Here are 4 question you need to ask about HTTP/2
I will answer these 4 questions about HTTP/2 throughout this post.
(1) So what changed exactly?
(2) Can I use it already?
(3) Do I need a CDN?
(4) Does the old optimization process still work?
I’m sure there are other questions that may be lingering in your mind right now, but the most important thing to know about HTTP/2 is that it no longer requires a new request for each file, which makes everything quite a bit faster.
We all know that the web has dramatically evolved over the years. HTTP, the protocol your browser uses to connect to your site has been in use since 1997. Don’t you think it’s about time it got updated to speed up our web performance?
I mean…everything else gets updates right? So why not this?
But how does this update affect you?
If your just an average web user you shouldn’t be too worried about this update; you can just enjoy sites that load much faster.
However, if you’re a web developer, then you might want to dig deep because this update will change how you do performance optimization.
Here are a few key points of what it has to offer
- No longer requires a new request for each file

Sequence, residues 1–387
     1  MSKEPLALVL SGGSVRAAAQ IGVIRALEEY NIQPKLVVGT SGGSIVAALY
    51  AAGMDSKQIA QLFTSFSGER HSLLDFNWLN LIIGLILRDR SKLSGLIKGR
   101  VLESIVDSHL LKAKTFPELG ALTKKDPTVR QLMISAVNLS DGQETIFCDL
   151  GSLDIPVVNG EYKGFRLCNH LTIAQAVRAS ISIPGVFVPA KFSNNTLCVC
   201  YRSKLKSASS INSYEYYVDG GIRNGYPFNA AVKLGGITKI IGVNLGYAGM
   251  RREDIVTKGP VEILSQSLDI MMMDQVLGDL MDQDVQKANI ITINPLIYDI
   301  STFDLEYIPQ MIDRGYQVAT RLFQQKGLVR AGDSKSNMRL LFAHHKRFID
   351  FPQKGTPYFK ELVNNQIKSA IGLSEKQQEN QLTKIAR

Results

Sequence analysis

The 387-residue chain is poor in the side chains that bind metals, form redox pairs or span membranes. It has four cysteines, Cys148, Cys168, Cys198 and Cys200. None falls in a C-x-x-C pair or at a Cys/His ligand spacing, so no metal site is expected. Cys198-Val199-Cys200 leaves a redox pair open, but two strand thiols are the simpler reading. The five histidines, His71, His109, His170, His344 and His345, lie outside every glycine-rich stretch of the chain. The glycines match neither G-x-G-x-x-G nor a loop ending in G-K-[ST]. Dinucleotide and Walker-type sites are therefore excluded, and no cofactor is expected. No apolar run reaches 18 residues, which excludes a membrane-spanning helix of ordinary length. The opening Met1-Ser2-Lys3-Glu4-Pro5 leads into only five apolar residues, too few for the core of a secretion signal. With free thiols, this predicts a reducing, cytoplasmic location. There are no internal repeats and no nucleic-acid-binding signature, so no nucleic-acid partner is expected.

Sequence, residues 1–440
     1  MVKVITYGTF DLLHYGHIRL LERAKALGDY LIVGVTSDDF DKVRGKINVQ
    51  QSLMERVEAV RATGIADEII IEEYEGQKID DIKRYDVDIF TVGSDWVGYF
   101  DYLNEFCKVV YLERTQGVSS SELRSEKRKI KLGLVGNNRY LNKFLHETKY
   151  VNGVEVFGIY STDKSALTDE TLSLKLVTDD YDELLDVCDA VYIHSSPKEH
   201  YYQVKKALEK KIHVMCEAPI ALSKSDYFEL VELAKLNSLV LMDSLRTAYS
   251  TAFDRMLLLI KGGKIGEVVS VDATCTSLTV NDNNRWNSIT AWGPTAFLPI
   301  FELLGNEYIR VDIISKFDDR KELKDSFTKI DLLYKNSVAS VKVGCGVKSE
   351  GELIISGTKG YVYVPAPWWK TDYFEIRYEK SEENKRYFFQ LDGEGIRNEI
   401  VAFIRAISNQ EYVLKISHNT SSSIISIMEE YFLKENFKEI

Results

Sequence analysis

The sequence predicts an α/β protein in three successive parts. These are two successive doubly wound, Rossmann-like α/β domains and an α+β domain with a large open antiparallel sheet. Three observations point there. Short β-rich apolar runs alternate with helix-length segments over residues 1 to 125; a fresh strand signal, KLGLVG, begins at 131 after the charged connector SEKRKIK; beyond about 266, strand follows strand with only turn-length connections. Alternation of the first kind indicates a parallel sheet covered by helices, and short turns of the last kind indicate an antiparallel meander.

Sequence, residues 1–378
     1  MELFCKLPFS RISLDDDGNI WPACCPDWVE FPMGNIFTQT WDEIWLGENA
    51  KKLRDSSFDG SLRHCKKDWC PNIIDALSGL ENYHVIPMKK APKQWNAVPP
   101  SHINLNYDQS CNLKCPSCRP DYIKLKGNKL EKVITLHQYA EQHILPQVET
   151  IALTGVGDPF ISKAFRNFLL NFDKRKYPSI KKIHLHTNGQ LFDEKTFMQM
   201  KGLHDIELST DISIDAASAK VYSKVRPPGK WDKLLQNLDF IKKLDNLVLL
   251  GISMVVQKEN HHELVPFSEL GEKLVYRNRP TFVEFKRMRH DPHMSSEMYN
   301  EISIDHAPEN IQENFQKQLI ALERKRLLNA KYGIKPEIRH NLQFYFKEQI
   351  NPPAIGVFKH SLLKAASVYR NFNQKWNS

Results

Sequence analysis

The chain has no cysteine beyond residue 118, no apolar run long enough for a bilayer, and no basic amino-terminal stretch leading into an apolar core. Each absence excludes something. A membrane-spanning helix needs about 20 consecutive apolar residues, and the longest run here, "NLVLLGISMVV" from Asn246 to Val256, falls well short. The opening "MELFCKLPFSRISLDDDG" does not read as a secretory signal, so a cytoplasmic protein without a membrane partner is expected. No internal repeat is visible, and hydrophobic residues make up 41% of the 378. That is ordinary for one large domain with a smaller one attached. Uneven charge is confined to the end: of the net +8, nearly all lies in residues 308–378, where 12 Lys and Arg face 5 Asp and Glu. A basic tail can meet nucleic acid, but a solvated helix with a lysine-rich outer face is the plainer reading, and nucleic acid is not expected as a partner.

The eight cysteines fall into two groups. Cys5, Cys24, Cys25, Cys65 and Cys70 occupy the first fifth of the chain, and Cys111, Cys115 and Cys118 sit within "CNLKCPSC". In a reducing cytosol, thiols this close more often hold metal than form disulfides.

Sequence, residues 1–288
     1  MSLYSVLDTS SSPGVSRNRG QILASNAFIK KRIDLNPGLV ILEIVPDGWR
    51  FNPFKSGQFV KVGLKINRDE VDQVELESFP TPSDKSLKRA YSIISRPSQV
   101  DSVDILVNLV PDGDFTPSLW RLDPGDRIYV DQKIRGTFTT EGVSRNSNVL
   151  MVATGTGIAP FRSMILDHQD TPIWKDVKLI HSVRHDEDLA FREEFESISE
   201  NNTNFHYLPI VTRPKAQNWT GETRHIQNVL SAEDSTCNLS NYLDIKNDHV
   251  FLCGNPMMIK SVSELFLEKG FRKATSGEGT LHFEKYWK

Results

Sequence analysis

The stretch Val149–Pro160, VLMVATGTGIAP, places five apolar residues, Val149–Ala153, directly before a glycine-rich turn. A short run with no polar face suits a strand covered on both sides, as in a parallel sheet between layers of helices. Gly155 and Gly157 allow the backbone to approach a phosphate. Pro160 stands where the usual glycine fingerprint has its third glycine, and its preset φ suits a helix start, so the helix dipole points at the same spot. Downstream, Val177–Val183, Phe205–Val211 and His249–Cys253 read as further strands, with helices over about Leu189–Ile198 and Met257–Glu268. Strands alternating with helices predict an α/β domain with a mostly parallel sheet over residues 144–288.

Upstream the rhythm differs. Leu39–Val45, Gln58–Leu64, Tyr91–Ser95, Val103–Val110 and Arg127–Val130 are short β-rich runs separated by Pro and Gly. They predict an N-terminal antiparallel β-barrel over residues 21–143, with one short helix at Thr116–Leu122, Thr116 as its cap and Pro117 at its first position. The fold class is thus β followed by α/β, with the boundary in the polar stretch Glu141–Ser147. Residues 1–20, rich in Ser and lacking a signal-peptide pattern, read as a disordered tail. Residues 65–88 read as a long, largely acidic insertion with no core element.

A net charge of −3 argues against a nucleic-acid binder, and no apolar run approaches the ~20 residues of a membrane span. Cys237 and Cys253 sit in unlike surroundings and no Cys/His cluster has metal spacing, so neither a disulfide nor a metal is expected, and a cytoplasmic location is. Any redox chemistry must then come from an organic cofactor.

- If your site is running on HTTPS then all major current browsers support HTTP/2
When can I use it?
You can use it right now if your site is running on HTTPS but you are you hosting company might have to change your server configuration to make sure it supports HTTP/2. Since it’s a lot faster you should start using this as soon as possible so your visitors will benefit hugely.
Do I still need a CDN?
Yes. The truth is… even with HTTP/2 you will still need a CDN. A CDN delivers content a lot faster than your average server ever will, so in short, your site will still benefit enormously from having one. And every proper CDN will already support HTTP/2.
With HTTP/2 here is something you no longer need to do when using it:
- Concatenating CSS and JS files
- Image spriting
- Domain sharding
- Inlining CSS and JS
Google Page Speed and HTTP/2
Google’s PageSpeed tool and many other web performance testing tools are rather slow in their adoption of HTTP/2 and they should be changing their guidelines. If a simple HTTP/2 test shows you that a site is capable of using HTTP/2, quite a few of the site speed suggestions are moot. Their documentation speaks of “networking round trips” that simply, in an HTTP/2 environment, don’t happen.
There are people at Google that understand this, of course.
Joost de Valk is the founder and CEO of Yoast. He’s a WordPress / Web developer, SEO & and an Open Source fanatic. He’s also (and more importantly) the father of three sons called Tycho, Ravi and Borre, a daughter called Wende and the husband of the lovely Marieke, who also works at Yoast. Read all about Joost »
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